Bundelkhand has a very rich tradition of constructing tanks in a highly skilled way. Examples can be seen in Mahoba and Charkhari and numerous other places. Unfortunately, many of these have been badly depleted or damaged due to encroachment and lack of maintenance. Many dam projects created in recent decades (such as Maro and Bardaha in Chitrakut district) have proved to be a failure. Today there is a real need for assessing priorities properly so that scarce funds can be used to the best advantage of people. All available evidence suggests that the first priority should be accorded to the proper maintenance and repair (including clearing encroachments) in the case of all existing tanks and related structures which can still be salvaged. This should be done with the involvement of local people as a people’s movement. Similarly new sites should be selected for the construction of new tanks wherever possible. Maintenance of tanks used to be very much a part of the culture and traditions of these villages. An attempt to revive this should be made while at the same time making full use of the government’s schemes and funds which can be utilised for this purpose. (See Annexure 1)

Many village ponds and tanks have the potential of fisheries. Care should be taken to prioritise the poorest, most left-out rural households to benefit from these instead of leaving these tanks to the highest bidders.

The concept of watershed development includes a multi-disciplinary approach in which repair and construction of tanks, construction of check dams, soil and water-conservation, and planting of trees are combined with social mobilisation of villagers, particularly weaker sections and women and micro-finance to promote balanced development in villages. Such an example can be seen in Tikariya panchayat area of Chitrakut district. This work is very conducive for the development of BU and should be promoted in a big way. (However at the time of prolonged droughts even the performance of these very well executed projects can be adversely affected.) (See Annexure 2)

Recently the government has made available a lot of funds for the Ken-Betwa river link scheme while the repair and maintenance of many invaluable tanks is neglected. This project involves two rivers, the Ken and the Betwa both of which arise in Madhya Pradesh. These then flow across several districts of this state as well as Uttar Pradesh to finally merge in Yamuna river at two different points. Several dams have already been built or are under construction on both of these rivers such as Matateela and Rajghat (on Betwa) and Gangau (on the Ken). Some of these have been controversial for various reasons such as high siltation rate, unjust displacement of people or sudden large-scale release of water causing destructive flash floods.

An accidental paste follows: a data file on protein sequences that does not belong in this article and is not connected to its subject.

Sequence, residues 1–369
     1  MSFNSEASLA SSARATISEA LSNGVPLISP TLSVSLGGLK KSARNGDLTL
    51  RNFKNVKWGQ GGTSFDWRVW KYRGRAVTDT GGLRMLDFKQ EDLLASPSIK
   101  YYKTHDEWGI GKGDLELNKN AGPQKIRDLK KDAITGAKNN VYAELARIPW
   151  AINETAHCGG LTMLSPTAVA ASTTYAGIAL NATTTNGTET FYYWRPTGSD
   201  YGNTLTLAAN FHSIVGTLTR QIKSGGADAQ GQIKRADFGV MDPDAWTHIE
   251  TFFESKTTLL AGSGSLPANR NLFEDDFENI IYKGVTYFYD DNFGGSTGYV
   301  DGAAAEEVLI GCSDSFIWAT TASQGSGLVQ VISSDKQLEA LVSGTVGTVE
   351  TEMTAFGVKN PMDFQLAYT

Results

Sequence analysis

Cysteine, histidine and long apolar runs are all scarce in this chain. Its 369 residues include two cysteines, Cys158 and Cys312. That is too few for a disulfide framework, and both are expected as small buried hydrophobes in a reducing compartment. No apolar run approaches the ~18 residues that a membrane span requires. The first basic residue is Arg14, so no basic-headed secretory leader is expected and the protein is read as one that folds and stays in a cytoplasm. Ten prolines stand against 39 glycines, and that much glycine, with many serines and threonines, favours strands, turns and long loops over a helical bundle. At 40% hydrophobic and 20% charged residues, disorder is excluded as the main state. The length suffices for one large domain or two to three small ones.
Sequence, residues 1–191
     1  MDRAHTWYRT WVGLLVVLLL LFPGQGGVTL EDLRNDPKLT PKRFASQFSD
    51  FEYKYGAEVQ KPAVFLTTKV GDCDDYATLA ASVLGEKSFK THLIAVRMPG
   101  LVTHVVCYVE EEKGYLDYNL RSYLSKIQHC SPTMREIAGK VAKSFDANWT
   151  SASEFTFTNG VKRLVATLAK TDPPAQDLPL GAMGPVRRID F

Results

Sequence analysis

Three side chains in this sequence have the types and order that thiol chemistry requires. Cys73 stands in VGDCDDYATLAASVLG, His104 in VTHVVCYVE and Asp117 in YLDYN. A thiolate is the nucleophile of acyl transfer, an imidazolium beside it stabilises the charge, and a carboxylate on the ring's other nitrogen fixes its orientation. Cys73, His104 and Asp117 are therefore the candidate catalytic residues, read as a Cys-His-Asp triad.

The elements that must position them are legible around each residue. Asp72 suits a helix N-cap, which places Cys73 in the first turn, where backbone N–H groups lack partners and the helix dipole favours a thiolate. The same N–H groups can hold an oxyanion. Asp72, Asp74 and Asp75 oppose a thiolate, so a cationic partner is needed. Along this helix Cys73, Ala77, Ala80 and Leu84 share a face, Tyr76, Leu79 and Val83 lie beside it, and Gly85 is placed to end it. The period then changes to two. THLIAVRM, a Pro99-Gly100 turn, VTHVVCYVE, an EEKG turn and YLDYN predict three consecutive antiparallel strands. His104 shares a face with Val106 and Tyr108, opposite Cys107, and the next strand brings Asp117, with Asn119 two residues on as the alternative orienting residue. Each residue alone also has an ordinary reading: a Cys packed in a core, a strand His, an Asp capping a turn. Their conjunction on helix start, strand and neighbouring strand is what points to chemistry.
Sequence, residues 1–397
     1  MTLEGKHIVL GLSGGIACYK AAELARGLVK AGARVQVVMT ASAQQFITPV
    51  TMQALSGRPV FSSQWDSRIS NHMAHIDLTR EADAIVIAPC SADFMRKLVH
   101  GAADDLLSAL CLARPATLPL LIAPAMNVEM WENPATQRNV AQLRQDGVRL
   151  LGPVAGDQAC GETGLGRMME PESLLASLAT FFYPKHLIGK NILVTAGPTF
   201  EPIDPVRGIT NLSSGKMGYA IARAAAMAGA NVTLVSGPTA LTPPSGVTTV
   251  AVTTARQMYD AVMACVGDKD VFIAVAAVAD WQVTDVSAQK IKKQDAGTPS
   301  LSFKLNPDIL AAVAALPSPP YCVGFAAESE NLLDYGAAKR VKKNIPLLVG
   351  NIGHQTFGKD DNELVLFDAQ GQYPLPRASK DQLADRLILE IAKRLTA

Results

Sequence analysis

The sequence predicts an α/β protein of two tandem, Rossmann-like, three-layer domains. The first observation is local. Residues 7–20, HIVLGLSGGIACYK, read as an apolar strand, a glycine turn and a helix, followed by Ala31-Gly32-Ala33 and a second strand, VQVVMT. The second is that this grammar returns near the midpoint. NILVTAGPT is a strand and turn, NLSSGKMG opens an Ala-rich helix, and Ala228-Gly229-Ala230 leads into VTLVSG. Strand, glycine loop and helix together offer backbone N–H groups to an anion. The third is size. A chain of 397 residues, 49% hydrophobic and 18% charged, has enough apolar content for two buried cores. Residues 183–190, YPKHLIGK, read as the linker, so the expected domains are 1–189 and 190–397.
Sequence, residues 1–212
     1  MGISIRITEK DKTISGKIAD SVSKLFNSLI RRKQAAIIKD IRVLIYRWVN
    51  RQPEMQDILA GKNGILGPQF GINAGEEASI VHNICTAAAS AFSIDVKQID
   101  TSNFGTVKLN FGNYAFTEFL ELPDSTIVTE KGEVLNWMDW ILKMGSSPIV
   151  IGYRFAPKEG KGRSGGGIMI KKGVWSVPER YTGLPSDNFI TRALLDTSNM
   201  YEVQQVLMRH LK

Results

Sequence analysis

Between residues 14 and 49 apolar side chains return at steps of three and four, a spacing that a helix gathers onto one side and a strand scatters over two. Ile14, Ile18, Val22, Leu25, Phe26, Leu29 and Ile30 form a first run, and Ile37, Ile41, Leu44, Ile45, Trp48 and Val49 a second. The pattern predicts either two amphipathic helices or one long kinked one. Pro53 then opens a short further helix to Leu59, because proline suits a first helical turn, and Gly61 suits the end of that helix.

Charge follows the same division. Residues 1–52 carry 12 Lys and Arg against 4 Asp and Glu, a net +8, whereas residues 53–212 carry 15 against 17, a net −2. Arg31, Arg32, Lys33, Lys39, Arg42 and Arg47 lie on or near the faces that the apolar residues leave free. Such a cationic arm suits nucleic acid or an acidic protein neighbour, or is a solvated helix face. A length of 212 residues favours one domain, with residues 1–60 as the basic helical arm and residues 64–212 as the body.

The Ken-Betwa project consists mainly of a new dam 73 metre high upper Gangau and a 250 km canal to link the two rivers, transferring water from Ken river to Betwa river. However people in the Ken river areas as well as some independent experts question the main assumption on which this project is based – the existence of surplus water in Ken.

The government says that displacement will be limited but people point out that already estimates of to – be displaced people are rising much above earlier estimates and all direct and indirect displacement due to dam and link-canal etc. should be added together to reach a realistic estimate. A part of Panna tiger reserve and a larger forest zone will also be submerged by this project.

Local people also argue that the problems relating to many previously constructed projects on these rivers should be tackled first. Gaya Prasad Gopal, a senior social activist of this area, was closely involved in the relief work for two massive floods caused by the sudden release of water from dams. He cannot forget the destruction caused by these floods. “We should first try to correct the existing system so that such tragedies are not repeated in future.”

At a ‘Water Parliament’ of Bundelkhand region many speakers including social/environment activists and independent experts expressed concerns that this project can worsen the water scarcity in some areas and floods/waterlogging in other areas. A resolution passed at the end of this water assembly (held in Orchha, district Tikamgarh) said that lakhs of people in both Ken and Betwa river areas will be exposed to unprecedented tragic consequences as a result of this project. This resolution then called upon the Government of India to abandon this project.

It is tragic that massive funds are sanctioned all two readily for projects of dubious merit while smaller demands for highly useful repair and maintenance of tanks are neglected. Clearly there is a big need for correcting priorities, or else the cycle of floods and droughts may worsen.

Sudden release of massive quantities of water from dams has caused destructive flash floods in recent years in Chitrakut, Banda and Jalaun districts. Dam management and maintenance need to be improved to avoid such tragedies. Indiscriminate mining of sand on river beds has also led to increased threat of floods in many critical areas – such as the increased threat of Ken river floods to Banda town.

Severe water erosion is speeding up the formation of ravine in many areas. Even highly fertile area such as Konch (in Jalaun district) now face this threat. Prevention of ravine formation and reclamation of land where possible should get more attention.